Idaho v. Baxter

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Justia Opinion Summary

On February 14, 2016, after drinking, Roy Baxter “backhanded [his] wife in the throat area” while the two were driving in his car. When they stopped driving and got out of his car, they continued arguing, and Baxter “threatened to kill her and punched her in the arm.” Baxter’s abuse left his wife with “a traumatic injury” and bruising. A no-contact order prohibiting Baxter from attempting to “contact, harass, follow, communicate with, or knowingly remain within 100 feet of: [his wife]” was issued shortly thereafter, but Baxter “call[ed] and talk[ed]” to his wife “between 1-14 times” after the issuance of the no-contact order. In March, the State charged Baxter with domestic violence under Idaho Code section 18-918(2) and violating the no-contact order under Idaho Code section 18-920. The State proposed a plea agreement, whereby, in exchange for Baxter’s plea of guilty on the domestic violence charge, the State agreed to dismiss several other charges and recommend probation on the condition that a domestic violence evaluation rated Baxter’s likelihood to reoffend at “less than high risk[.]” As an additional contingency, the plea agreement prohibited Baxter from “acquiring a new criminal charge or charges between the date of this offer and sentencing, even if the charge or charges are not yet conviction(s).” Baxter was initially uncertain about whether to accept the State’s proposed plea agreement, and underwent a domestic violence evaluation. When the State reviewed the domestic violence evaluation, it grew concerned over “gross omissions” it felt Baxter had made concerning his drug use and violent conduct during the initial plea negotiations, and changed its terms for the agreement. Baxter entered a guilty plea. Baxter’s presentence investigation report (PSI) took into consideration Baxter’s evaluation, and recommended Baxter be placed on a rider. Baxter moved to withdraw his guilty plea, arguing the State’s “intervention with [with the physician evaluator] after [Baxter] entered his guilty plea rendered the plea agreement in this case meaningless.” Baxter did not claim innocence. The district court denied the motion, concluding Baxter had not met his burden to show the existence of a “just reason” to withdraw his plea. The Court of Appeals affirmed, and the Idaho Supreme Court also affirmed, finding Baxter did not show the existence of a just reason to withdraw his guilty plea.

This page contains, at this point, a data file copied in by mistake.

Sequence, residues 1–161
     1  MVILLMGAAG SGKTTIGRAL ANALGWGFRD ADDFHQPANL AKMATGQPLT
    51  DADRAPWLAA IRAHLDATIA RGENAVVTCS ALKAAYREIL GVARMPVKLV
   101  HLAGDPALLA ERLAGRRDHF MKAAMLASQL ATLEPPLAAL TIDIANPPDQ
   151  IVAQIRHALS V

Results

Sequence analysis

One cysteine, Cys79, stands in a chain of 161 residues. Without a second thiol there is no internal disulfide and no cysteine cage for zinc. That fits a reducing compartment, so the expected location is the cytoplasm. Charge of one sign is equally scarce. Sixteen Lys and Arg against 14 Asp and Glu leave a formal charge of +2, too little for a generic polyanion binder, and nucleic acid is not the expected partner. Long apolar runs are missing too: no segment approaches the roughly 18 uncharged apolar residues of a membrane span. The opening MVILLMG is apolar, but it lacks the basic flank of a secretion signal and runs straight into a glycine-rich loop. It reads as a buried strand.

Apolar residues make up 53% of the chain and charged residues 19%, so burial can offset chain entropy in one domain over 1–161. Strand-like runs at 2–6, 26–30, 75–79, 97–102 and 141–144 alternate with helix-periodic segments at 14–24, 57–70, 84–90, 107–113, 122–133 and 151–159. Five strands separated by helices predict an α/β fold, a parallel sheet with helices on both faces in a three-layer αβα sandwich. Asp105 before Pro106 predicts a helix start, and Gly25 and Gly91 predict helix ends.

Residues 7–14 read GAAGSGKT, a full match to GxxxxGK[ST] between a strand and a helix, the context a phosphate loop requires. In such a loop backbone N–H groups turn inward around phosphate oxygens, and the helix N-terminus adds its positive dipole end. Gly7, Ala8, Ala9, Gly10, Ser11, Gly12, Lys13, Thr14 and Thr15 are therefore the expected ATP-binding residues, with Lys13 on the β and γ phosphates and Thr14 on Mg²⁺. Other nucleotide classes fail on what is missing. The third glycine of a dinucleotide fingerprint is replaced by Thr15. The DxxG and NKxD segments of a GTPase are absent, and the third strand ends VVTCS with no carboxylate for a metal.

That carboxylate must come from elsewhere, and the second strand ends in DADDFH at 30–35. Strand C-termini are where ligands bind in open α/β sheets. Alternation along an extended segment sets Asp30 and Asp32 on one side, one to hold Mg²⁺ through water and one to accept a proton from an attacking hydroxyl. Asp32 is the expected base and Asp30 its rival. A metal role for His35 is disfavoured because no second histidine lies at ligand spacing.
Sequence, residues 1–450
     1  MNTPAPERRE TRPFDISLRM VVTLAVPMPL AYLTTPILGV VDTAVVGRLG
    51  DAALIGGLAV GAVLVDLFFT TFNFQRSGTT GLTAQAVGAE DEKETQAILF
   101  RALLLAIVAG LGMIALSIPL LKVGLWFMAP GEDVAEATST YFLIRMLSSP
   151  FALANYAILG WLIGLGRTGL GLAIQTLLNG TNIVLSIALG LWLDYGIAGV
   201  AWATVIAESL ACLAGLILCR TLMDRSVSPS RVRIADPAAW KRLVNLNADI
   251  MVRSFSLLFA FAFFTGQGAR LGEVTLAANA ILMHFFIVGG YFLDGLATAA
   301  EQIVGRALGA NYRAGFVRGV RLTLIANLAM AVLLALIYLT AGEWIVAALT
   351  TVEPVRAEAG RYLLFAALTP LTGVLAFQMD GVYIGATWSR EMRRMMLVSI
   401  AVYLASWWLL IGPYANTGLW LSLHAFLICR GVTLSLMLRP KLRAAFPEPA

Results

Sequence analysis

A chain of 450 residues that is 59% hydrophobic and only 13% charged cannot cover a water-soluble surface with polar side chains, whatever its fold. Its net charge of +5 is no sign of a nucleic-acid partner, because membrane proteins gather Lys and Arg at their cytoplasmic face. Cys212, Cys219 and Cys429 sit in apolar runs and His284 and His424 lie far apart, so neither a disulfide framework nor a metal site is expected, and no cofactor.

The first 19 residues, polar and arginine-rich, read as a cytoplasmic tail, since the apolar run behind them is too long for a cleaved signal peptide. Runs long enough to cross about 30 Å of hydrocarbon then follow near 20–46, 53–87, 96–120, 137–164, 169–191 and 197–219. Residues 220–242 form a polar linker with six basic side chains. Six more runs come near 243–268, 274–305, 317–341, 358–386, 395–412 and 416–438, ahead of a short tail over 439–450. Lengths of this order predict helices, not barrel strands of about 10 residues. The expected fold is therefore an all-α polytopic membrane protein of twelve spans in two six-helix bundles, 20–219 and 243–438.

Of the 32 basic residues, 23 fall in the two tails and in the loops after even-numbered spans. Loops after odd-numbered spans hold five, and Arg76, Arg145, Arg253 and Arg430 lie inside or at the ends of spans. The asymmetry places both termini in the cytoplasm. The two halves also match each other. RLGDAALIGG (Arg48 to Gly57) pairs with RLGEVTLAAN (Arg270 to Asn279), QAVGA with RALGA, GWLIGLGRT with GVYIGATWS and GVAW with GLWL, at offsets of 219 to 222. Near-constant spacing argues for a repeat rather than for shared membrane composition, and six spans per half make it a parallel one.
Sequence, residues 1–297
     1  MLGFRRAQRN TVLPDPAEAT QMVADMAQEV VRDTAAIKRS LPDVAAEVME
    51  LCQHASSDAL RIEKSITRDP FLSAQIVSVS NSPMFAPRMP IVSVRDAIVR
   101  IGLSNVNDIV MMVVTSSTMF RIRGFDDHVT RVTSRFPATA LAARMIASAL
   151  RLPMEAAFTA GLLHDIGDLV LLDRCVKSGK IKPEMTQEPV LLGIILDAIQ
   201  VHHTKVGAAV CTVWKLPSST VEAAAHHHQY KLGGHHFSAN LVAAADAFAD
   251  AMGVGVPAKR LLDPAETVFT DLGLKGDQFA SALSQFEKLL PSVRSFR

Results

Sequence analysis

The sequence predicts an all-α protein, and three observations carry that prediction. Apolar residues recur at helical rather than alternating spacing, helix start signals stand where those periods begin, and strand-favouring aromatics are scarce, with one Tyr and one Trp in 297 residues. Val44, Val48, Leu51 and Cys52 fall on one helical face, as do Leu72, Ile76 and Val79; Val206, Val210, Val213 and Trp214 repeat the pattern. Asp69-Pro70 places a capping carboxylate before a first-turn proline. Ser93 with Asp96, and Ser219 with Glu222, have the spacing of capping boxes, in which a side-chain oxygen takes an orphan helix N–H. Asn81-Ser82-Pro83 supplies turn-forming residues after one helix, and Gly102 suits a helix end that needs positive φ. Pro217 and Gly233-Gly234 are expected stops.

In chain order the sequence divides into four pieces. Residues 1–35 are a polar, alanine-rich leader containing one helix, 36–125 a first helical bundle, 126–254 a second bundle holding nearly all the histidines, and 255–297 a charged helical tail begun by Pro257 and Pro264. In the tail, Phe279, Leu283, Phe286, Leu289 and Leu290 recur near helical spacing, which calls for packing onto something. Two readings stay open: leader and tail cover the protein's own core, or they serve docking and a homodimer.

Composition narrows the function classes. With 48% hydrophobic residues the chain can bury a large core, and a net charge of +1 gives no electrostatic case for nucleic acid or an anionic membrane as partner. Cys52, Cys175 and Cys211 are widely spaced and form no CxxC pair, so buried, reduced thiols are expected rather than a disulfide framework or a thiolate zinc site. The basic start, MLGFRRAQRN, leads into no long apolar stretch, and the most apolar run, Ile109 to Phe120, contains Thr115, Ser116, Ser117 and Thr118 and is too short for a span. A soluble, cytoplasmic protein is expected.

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IN THE SUPREME COURT OF THE STATE OF IDAHO Docket No. 45343 ) ) ) ) ) ) ) ) ) STATE OF IDAHO, Plaintiff-Respondent, v. ROY AYERS BAXTER JR., Defendant-Appellant. Boise, December 2017 Term 2018 Opinion No. 3 Filed: January 5, 2018 Karel A. Lehrman, Clerk Appeal from the District Court of the Fourth Judicial District, State of Idaho, Ada County. Hon. Jason D. Scott, District Judge. District court order denying motion to withdraw guilty plea, affirmed. Eric D. Fredericksen, State Appellate Public Defender, Boise, for appellant. Andrea W. Reynolds, Deputy Appellate Public Defender argued. Hon. Lawrence G. Wasden, Idaho Attorney General, Boise, for respondent. Russell J. Spencer, Deputy Attorney General argued. _________________________________ BURDICK, Chief Justice. Roy Ayers Baxter Jr. appeals his judgment of conviction entered in the Ada County district court. On appeal, Baxter contends the district court abused its discretion by denying his motion to withdraw his guilty plea. The Court of Appeals affirmed, and this Court granted Baxter’s timely petition for review. We affirm the district court. I. FACTUAL AND PROCEDURAL BACKGROUND On February 14, 2016, after drinking alcohol for most of the day, Baxter “backhanded [his] wife in the throat area” while the two were driving in his car. When they eventually stopped driving and got out of his car, they continued arguing, and Baxter “threatened to kill her and punched her in the arm.” Baxter’s abuse left his wife with “a traumatic injury” and bruising. A no-contact order prohibiting Baxter from attempting to “contact, harass, follow, communicate 1 with, or knowingly remain within 100 feet of: [his wife]” was issued shortly thereafter, but Baxter “call[ed] and talk[ed]” to his wife “between 1-14 times” after the issuance of the nocontact order. On March 17, 2016, the State charged Baxter with domestic violence under Idaho Code section 18-918(2) and violating the no-contact order under Idaho Code section 18-920. The State proposed a plea agreement, whereby, in exchange for Baxter’s plea of guilty on the domestic violence charge, the State agreed to dismiss several other charges 1 and recommend probation on the condition that a domestic violence evaluation rated Baxter’s likelihood to reoffend at “less than high risk[.]” As an additional contingency, the plea agreement prohibited Baxter from “acquiring a new criminal charge or charges between the date of this offer and sentencing, even if the charge or charges are not yet conviction(s).” Baxter was initially uncertain about whether to accept the State’s proposed plea agreement. As Baxter’s counsel explained: [Baxter] wasn’t sure about how he wanted to proceed. I advised him, well, let’s get a domestic violence evaluation and see how it turns out. And if ultimately it comes back less than high risk, we have a plea agreement for probation. You can decide what you want to do. So we did. To that end, on June 17, 2016, Baxter obtained a domestic violence evaluation from Dr. Bill Arnold, Ph.D. During the evaluation, Baxter stated that he had “experiment[ed] with marijuana and cocaine,” but his only present usage of drugs was “social beer drink[ing].” He did not disclose use of methamphetamine. Further, Baxter explicitly denied hitting his wife or causing her injury. Dr. Arnold concluded Baxter “falls in the group of offenders who display a moderate to high risk of future violent offending.” On June 28, 2016, when the State reviewed the domestic violence evaluation, it grew concerned over “gross omissions” it felt Baxter had made concerning his drug use and violent conduct. The State informed Baxter’s counsel that it would not recommend a bond reduction of less than $100,000 with pretrial release conditions, but the State did not indicate it intended to challenge the evaluation. On July 1, 2016, Baxter entered a plea of guilty under the plea agreement. Six days after the district court accepted Baxter’s plea, the State contacted Dr. Arnold to communicate 1 Those other charges included several no-contact order violations, resisting and obstructing, and intimidating or influencing a witness. 2 statements Baxter had made to the district court when entering his plea. The State recited its email during a hearing before the district court as follows: I am writing you about [Baxter] whom you conducted an evaluation on last month. I’ve included his attorney on this email so that he is aware of my communication with you. When I read the evaluation, I was concerned with the omissions [Baxter] had made, so I wanted to update you with the information he provided subsequent to your evaluation during his entry of plea last Friday. I am not sure if it will change the outcome of your report finding a risk level, but thought it would be important for you to know and consider. When telling the court what he did, he said he had been drinking all day and doing meth. He said, quote, one thing led to another, and the next thing you know I backhanded her on the neck. Also in the scuffle with the neighbor, I did hit her in the arm, and she had a bruise, unquote.[2] Please let us know if this has any impact on your finding of risk. Dr. Arnold reviewed that information and, on July 8, 2016, concluded Baxter “now falls into the group of offenders who display a high risk of future violent offending.” Dr. Arnold’s conclusion in this regard discharged the State from its obligation to recommend probation since the plea agreement stated the State’s probation recommendation was “CONTINGENT ON BEING LESS THAN HIGH RISK ON DV EVAL[.]” On July 20, 2016, the State filed new, unrelated charges against Baxter for fraudulent misappropriation of personal identifying information and petit theft. These additional charges discharged the State from its obligation to recommend probation because the plea agreement stated the State’s probation recommendation was contingent on Baxter’s not “acquiring a new criminal charge or charges between the date of this offer and sentencing, even if the charge or charges are not yet conviction(s).” On August 5, 2012, Baxter’s presentence investigation report (PSI) was issued. The PSI considered Dr. Arnold’s initial evaluation, but not his later evaluation. Unlike what Baxter had told Dr. Arnold, the PSI indicated that Baxter had confessed to “backhand[ing his wife] in the throat.” The PSI further indicated that Baxter had a history of methamphetamine use. And considering Baxter had been drinking alcohol on the day of the incident and had several driving under the influence convictions, the PSI noted that Baxter “may be underreporting his alcohol use.” Accordingly, the PSI recommended that Baxter be placed on a rider. 2 The State appropriately found this information to be material, as Baxter had previously told Dr. Arnold he denied hitting his wife or causing her injury. 3 On August 16, 2016, Baxter moved to withdraw his guilty plea. As Baxter argued, the State’s “intervention with Dr. Arnold after [Baxter] entered his guilty plea rendered the plea agreement in this case meaningless.” Baxter did not assert innocence. The district court denied the motion, concluding Baxter had not met his burden to show the existence of a “just reason” to withdraw his plea. The Court of Appeals affirmed, and this Court granted Baxter’s timely petition for review. II. STANDARD OF REVIEW When addressing a petition for review, this Court will give “serious consideration to the views of the Court of Appeals, but directly reviews the decision of the lower court.” State v. Schall, 157 Idaho 488, 491, 337 P.3d 647, 650 (2014) (citation omitted). “This Court thus acts as if the case were on direct appeal from the district court.” State v. James, 148 Idaho 574, 576, 225 P.3d 1169, 1171 (2010). “The decision to grant a motion to withdraw a guilty plea is left to the sound discretion of the district court, and such discretion should be liberally applied.” State v. Arthur, 145 Idaho 219, 222, 177 P.3d 966, 969 (2008). To determine whether the district court abused its discretion, this Court evaluates whether the district court: (1) correctly perceived the issue as one of discretion; (2) acted within the outer boundaries of its discretion and consistently with relevant legal standards; and (3) reached its decision by an exercise of reason. Swallow v. Emergency Med. of Idaho, P.A., 138 Idaho 589, 592, 67 P.3d 68, 71 (2003). III. ANALYSIS On appeal, Baxter does not dispute that the district court properly recognized his motion triggered its discretion and acted consistently with the applicable legal standards. Instead, Baxter contends the district court failed to reach its decision by an exercise of reason. For the reasons below, we disagree. Idaho Criminal Rule 33(c) governs motions to withdraw guilty pleas and states specifically that a “motion to withdraw a plea of guilty may be made only before sentence is imposed or imposition of sentence is suspended; but to correct manifest injustice the court after sentence may set aside the judgment of conviction and permit the defendant to withdraw the defendant’s plea.” 3 Thus, “[t]he timing of the motion is significant; when the motion is made 3 Baxter moved to withdraw his guilty plea on August 16, 2016. Effective July 1, 2017, Rule 33(c) was amended to read: “A motion to withdraw a plea of guilty may be made only before sentence is imposed or imposition of sentence is suspended; but to correct manifest injustice the court may set aside the judgment of conviction after sentence and may permit the defendant to withdraw a plea of guilty.” 4 before sentencing, a defendant need only show a ‘just reason’ to withdraw the plea.” Arthur, 145 Idaho at 222, 177 P.3d at 969. The threshold “just reason” requirement is a “not an onerous burden. It is a reasonable requirement, to be administered liberally and with due recognition of the serious consequences attending a guilty plea.” State v. Ballard, 114 Idaho 799, 804, 761 P.2d 1151, 1156 (1988). If the defendant successfully points to a just reason, the burden then shifts to the State to show that “prejudice would result if the plea were withdrawn.” State v. Flowers, 150 Idaho 568, 571, 249 P.3d 367, 370 (2011). On the other hand, a motion to withdraw a guilty plea made after sentencing requires a more stringent showing that withdrawing the plea is necessary to correct “manifest injustice.” I.R.C.P. 33(c); accord Flowers, 150 Idaho at 571, 249 P.3d at 370 (quoting State v. Heredia, 144 Idaho 95, 97, 156 P.3d 1193, 1195 (2007)). Rule 33(c)’s distinction in this respect recognizes that, “if a plea of guilty could be retracted with ease after sentence, the accused might be encouraged to plead guilty to test the weight of potential punishment, and withdraw the plea if the sentence were unexpectedly severe.” State v. Creech, 109 Idaho 592, 594, 710 P.2d 502, 504 (1985) (quoting Kadwell v. United States, 315 F.2d 667, 670 (9th Cir. 1963)). “Nonetheless, even when the motion is presented before sentencing, if it occurs after the defendant has learned of the content of the PSI or has received other information about the probable sentence, the district court may temper its liberality by weighing the defendant’s apparent motive.” Arthur, 145 Idaho at 222, 177 P.3d at 969; accord State v. Hartsock, 160 Idaho 639, 641, 377 P.3d 1102, 1104 (Ct. App. 2016). Since Baxter moved to withdraw his guilty plea before sentencing, the onus was on Baxter to point to a “just reason” to withdraw his plea. With that aim in mind, Baxter’s frontline argument concerns how the State contacted Dr. Arnold six days after Baxter entered his plea. As a result of that communication, Dr. Arnold updated his initial evaluation by concluding that Baxter “now falls into the group of offenders who display a high risk of future violent offending.” Dr. Arnold’s conclusion in this regard discharged the State from its obligation to recommend probation under the plea agreement. Disputing the State’s communication with Dr. Arnold, Baxter notes that the State already had possession of Dr. Arnold’s initial evaluation when he entered his plea, and while the State indicated it felt that Baxter had made “gross omissions” during the evaluation, the State never indicated it intended to challenge the evaluation. Baxter’s counsel recognized “discrepancies” in Baxter’s statements. Those discrepancies notwithstanding, Baxter emphasizes that 5 Dr. Arnold should have already known [everything] because it’s all in the police reports and in the preliminary hearing transcript. So he had the same exact information when he put the [initial] report together that he had after the prosecutor talked to him. There’s no new information. There’s no additional information. Baxter has not persuaded us. Instead, we conclude the district court reached its decision by an exercise of reason. Regarding Baxter’s argument that the State contacted Dr. Arnold with “new” information, the district court reasoned that “the prosecutor gave [Dr. Arnold] information that is by definition new. The prosecutor told [Dr. Arnold] what [Baxter] said to me in open court after the evaluation was created.” Importantly, the district court clarified that the State did not “argu[e] with [Dr. Arnold] about old information, [Dr. Arnold] already ha[d], and suggest[] that [Dr. Arnold] . . . reach a different conclusion based on the already-existing information.” Rather, Baxter’s statements at the plea hearing constituted “new” information, the district court properly concluded, because “[t]he admissions themselves, having been made in open court in making of the guilty plea, weren’t available to [Dr. Arnold].” The district court further reasoned that Baxter “believed he had a better chance at probation beforehand when he entered his guilty plea, and that . . . is motivating the desire to withdraw the guilty plea more than anything.” In light of Baxter’s apparent motive, the district court found it appropriate to temper the liberal application of its discretion. See, e.g., Arthur, 145 Idaho at 222, 177 P.3d at 969. The record fully supports the district court’s reasoning. As to Baxter’s initial belief of a probation sentence, Baxter knew before he entered his plea that Dr. Arnold had initially evaluated his risk to reoffend as moderate, which bound the State to recommend probation under the plea agreement. Although Baxter highlights that the State’s probation recommendation would not have bound the district court to so order, it remains undisputed that only with that evaluation in hand and knowledge of its contents did Baxter enter his guilty plea. Yet, Baxter’s initial belief of a probation sentence was undermined by two significant post-plea developments, which shed further light on Baxter’s apparent motive. First, Baxter’s PSI recommended a rider, not probation. The PSI considered only Dr. Arnold’s initial evaluation, as “the presentence investigator wasn’t aware of any uptick in the risk assessment by [Dr. Arnold] at the time the recommendation was made.” Second, the State filed new, unrelated 6 charges against Baxter after the plea was entered. 4 These additional charges—for fraudulent misappropriation of personal identifying information and petit theft—were filed on July 20, 2016. These additional charges, in turn, discharged the State from its obligation to recommend probation under the plea agreement, irrespective of Dr. Arnold’s high-risk evaluation. Indeed, the plea agreement was explicitly contingent on Baxter “not acquiring a new criminal charge or charges between the date of this offer and sentencing, even if the charge or charges are not yet conviction(s).” Only after learning of Dr. Arnold’s updated evaluation, the contents of the PSI, and the filing of new charges—all of which were likely to have a probable impact on Baxter’s sentence—did Baxter move to withdraw his plea on August 16, 2016. Accordingly, it was proper for the district court to temper the liberal application of its discretion. Cf. Arthur, 145 Idaho at 221–22, 177 P.3d at 968–69 (affirming the denial of defendant’s motion to withdraw guilty plea that was made “after seeing his presentence investigation report (PSI), which indicated he had been convicted of or charged with numerous other felonies and misdemeanors”); Hartsock, 160 Idaho at 642, 377 P.3d at 1105 (“Hartsock’s motion to withdraw her guilty plea was made after the preparation of her PSI, which recommended retained jurisdiction. Consequently, the district court was entitled to take Hartsock’s awareness of the PSI and sentence recommendation into account when ascertaining her motive for withdrawing her plea.”). Baxter, however, asserts the State misled Dr. Arnold with the information it provided to him six days after Baxter pled guilty. He specifically contends the State mischaracterized his methamphetamine use by telling Dr. Arnold that, “[w]hen telling the court what he did, [Baxter] said he had been drinking all day and doing meth.” According to Baxter, he never conceded 4 At the motion to withdraw the plea hearing, Baxter contended “[t]he State should have known that new charges were coming[,]” and the new charges thus show the State manipulated the plea process. Baxter mentions this only in passing in his opening brief. Bach v. Bagley, 148 Idaho 784, 790, 229 P.3d 1146, 1152 (2010) (“[I]f the issue is only mentioned in passing and not supported by any cogent argument or authority, it cannot be considered by this Court.”). But in any event, his concern is unfounded. Baxter’s counsel stated he “d[id]n’t think [the specific prosecutor here] had anything to do with the filing of the new charges. I’m certain she knew they were out there and were potentially coming, but I don’t think that played into her decision, frankly.” In response, the prosecutor stated she “had no part in the filing of those new charges. [She] had no knowledge that the reports were even forwarded to our office for charges.” The district court ultimately found: There hasn’t been a showing that the prosecutor involved in this case had any knowledge about what was going on with those new charges, when they might come down. . . . To the extent it’s a factor at all, I think it is a factor in the same way the Hartsock Court suggests, something like this might be. It may go to whether the defendant has sensed which way the wind is blowing and therefore wants to withdraw his guilty plea. Baxter has not challenged these findings on appeal. Liponis v. Bach, 149 Idaho 372, 374, 234 P.3d 696, 698 (2010) (explaining that argument is waived if “not supported by any cogent argument or authority” in opening brief). 7 using methamphetamine on the day of the incident, but instead had conceded using methamphetamine “a couple days” before the incident. Baxter’s argument is futile. At the outset, Baxter has not argued for fundamental error review even though he did not raise this argument below. State v. Doe, 123 Idaho 370, 371, 848 P.2d 428, 429 (1993) (“In general, issues presented for the first time on appeal will not be considered. However, an exception to the general rule may be made where the issue raised involves fundamental error.” (citations omitted)). In fact, this argument is inconsistent with what Baxter argued below. Baxter’s counsel stated at the hearing on Baxter’s motion to withdraw his plea that Baxter “had been drinking and using meth that day,” and further clarified that Baxter “does admit to using meth earlier in the day.” Baxter did make statements apparently to the contrary when entering his plea, stating that, “Valentines [sic] weekend, February 14, me and my wife were out and about, and going to -- been drinking most of the day and spending -- we were just out drinking and partying that weekend. Before that, a couple days, it was actually out partying and doing meth.” However, it remains undisputed that the motion to withdraw hearing transcript shows that Baxter had been using methamphetamine on the day of the incident. It is further undisputed that Baxter initially told Dr. Arnold, the cops arrested me because they thought I had [hit her]; and, then [a neighbor] said that I closed fist punched her in the throat twice—which never happened. The medical records, you probably have seen--there was no marks, no scratches, no bruises, no nothing; and, then that’s what they arrested me. He later contradicted himself by admitting that he “backhanded her in the neck,” and that this abuse left his wife with “a traumatic injury” and bruising. The State appropriately found Baxter’s statements at the plea hearing concerning his methamphetamine use and violent conduct to be material, as Dr. Arnold was entitled to complete and correct information concerning Baxter’s description of the incident in his own words, acceptance of responsibility, current and past violent conduct, present drug use, and involvement of substance abuse in the incident under Idaho Criminal Rule 33.3(c) (2016). 5 Baxter’s arguments ask this Court to erroneously endorse 5 Dr. Arnold completed his initial evaluation on June 17, 2016, and later supplemented it on July 8, 2016. Effective July 1, 2017, Rule 33.3 was amended with a general restructuring of the rule, but the material requirements governing the scope of the domestic violence evaluation are substantially identical to pre-amended Rule 33.3. We take this opportunity to clarify that Rule 33.3, currently and as it existed at the time of the evaluations here, requires disclosure of present drug use. Methamphetamine use, even if from two days prior to the incident at issue, is present drug use. 8 the notion that a defendant can create a just reason to withdraw a guilty plea by fabricating false circumstances. Because Baxter has not shown the existence of a just reason to withdraw his guilty plea, prejudice to the State need not be evaluated, and we conclude the district court did not abuse its discretion by denying Baxter’s motion to withdraw his guilty plea. 6 IV. CONCLUSION We affirm Baxter’s judgment of conviction because Baxter has shown no error in the district court’s denial of his motion to withdraw his guilty plea. Justices JONES, HORTON, BRODY and BEVAN, CONCUR. 6 The district court additionally found Baxter’s plea was voluntary, knowing, and intelligent. Since Baxter has not challenged this finding on appeal, we do not address it. Bach, 149 Idaho at 374, 234 P.3d at 698 (explaining that argument is waived if “not supported by any cogent argument or authority” in opening brief). 9